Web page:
Tiny technology promises big rewards. Some may already be in your closet.
It’s A Small World
To see nano particles and manipulate them, scientists use high-powered microscopes that must be maintained and operated in a carefully controlled environment. At the National Institute of Standards and Technology’s Advanced Measurement Laboratory, the room is kept ultraclean so particles from the air—and from the operators—won’t contaminate the device. And to prevent vibrations, the instrument is anchored to a 5,000-ton block of concrete 40 feet (12 meters) below ground. Researchers here are expanding the boundaries of nanotechnology, discovering unforeseen uses for common materials.
At the National Institute of Standards and Technology’s Immersive Visualization Facility, mathematician Howard Hung experiences a quantum dot-a semiconductor crystal just a few nanometers in size. Interacting with such objects in a 3-D landscape instead of looking at images of them enables scientists to “easily perceive complex relationships,” says Hung. Such insight is crucial because the properties of basic materials can radically change when they are nano size. For instance, scientists have developed glass that can withstand temperatures up to 1800°F (982°C) for more than two hours and tiny gold-plated spheres that can destroy cancer cells in mice without harming healthy tissue.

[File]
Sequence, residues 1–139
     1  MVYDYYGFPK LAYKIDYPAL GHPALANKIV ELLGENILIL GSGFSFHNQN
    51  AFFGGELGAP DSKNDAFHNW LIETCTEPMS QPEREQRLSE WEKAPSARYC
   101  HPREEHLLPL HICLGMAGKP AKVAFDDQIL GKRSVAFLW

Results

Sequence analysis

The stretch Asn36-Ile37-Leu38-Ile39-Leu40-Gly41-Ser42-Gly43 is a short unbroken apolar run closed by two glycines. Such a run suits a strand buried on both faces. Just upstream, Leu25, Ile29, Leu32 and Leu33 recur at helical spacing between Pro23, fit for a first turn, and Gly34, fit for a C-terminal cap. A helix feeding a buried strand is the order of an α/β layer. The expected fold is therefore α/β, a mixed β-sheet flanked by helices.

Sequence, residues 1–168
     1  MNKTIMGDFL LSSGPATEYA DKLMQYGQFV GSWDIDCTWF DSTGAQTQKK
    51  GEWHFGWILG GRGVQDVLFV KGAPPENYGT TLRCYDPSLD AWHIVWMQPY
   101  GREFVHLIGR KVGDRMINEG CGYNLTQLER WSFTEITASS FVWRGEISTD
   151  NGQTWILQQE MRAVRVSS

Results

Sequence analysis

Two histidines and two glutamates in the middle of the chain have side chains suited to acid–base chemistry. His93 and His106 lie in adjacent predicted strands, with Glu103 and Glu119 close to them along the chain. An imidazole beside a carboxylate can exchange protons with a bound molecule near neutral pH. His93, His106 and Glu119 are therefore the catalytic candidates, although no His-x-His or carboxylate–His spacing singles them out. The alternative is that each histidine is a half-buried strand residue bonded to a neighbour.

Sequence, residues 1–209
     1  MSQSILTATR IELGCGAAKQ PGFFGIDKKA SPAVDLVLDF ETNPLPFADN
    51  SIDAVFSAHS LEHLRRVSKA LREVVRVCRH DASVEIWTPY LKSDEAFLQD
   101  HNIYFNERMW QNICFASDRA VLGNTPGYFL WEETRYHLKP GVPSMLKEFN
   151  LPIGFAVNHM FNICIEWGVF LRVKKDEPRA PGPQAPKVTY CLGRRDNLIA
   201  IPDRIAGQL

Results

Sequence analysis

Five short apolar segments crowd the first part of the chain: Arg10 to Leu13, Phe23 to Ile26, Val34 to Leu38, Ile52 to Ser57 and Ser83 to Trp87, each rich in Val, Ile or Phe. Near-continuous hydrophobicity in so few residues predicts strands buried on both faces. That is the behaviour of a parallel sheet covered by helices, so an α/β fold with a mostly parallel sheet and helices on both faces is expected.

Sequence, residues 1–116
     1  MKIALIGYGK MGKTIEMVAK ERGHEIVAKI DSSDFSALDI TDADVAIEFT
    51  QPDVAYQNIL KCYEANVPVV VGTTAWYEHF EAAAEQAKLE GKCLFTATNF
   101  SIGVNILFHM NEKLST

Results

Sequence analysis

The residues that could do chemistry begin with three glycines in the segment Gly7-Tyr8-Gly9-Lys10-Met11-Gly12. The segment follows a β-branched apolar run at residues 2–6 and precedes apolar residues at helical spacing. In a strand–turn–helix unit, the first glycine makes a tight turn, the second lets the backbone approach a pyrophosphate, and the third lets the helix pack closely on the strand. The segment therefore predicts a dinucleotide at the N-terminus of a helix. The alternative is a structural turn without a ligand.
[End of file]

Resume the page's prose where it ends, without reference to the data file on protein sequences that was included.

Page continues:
The Future of Light?
Workers expose colored LEDs, or light-emitting diodes, to high currents, temperatures, and humidity to test the devices’ long-term reliability at a semiconductor factory in Durham, North Carolina. Using nano-engineered molecules to emit light-generating photons, LEDs are energy efficient. According to a U.S. Department of Energy study, such solid-state lighting could replace traditional light sources over the next two decades and decrease U.S. energy consumption by nearly 30 percent.
Building Blocks of Nanotechnology
Nature can turn carbon into diamonds; humans can turn carbon into nano tubes. Though an enormous number of these microscopic threads resemble a big pile of chimney soot (top), it weighs only as much as 50 carats of diamonds (bottom). nano tubes are stronger than steel wires, carry a thousand times more electricity than copper wires, and can support more than a million times their own weight. They’re also the cornerstone of a molecular science that is manipulating ordinary materials so they behave in extraordinary ways.
A Vision of Hope
Although legally blind, Terry Byland can see an image of the letter t with the help of MEMS (Micro Electro Mechanical System) technology. Sixteen electrodes surgically implanted in Byland’s retina are connected to a camera embedded in his glasses. The camera captures an image that is converted into digital data and then sent to his implant, which generates a pattern of electrical pulses. The pulses (their various current levels appear on an array of circles behind Byland) are then transmitted to his retina. The technology is now being tested in a clinical trial at the University of Southern California’s Doheny Eye Institute. If the next generation of implants are perfected on the much smaller nano level, it could help blind patients recover lost vision.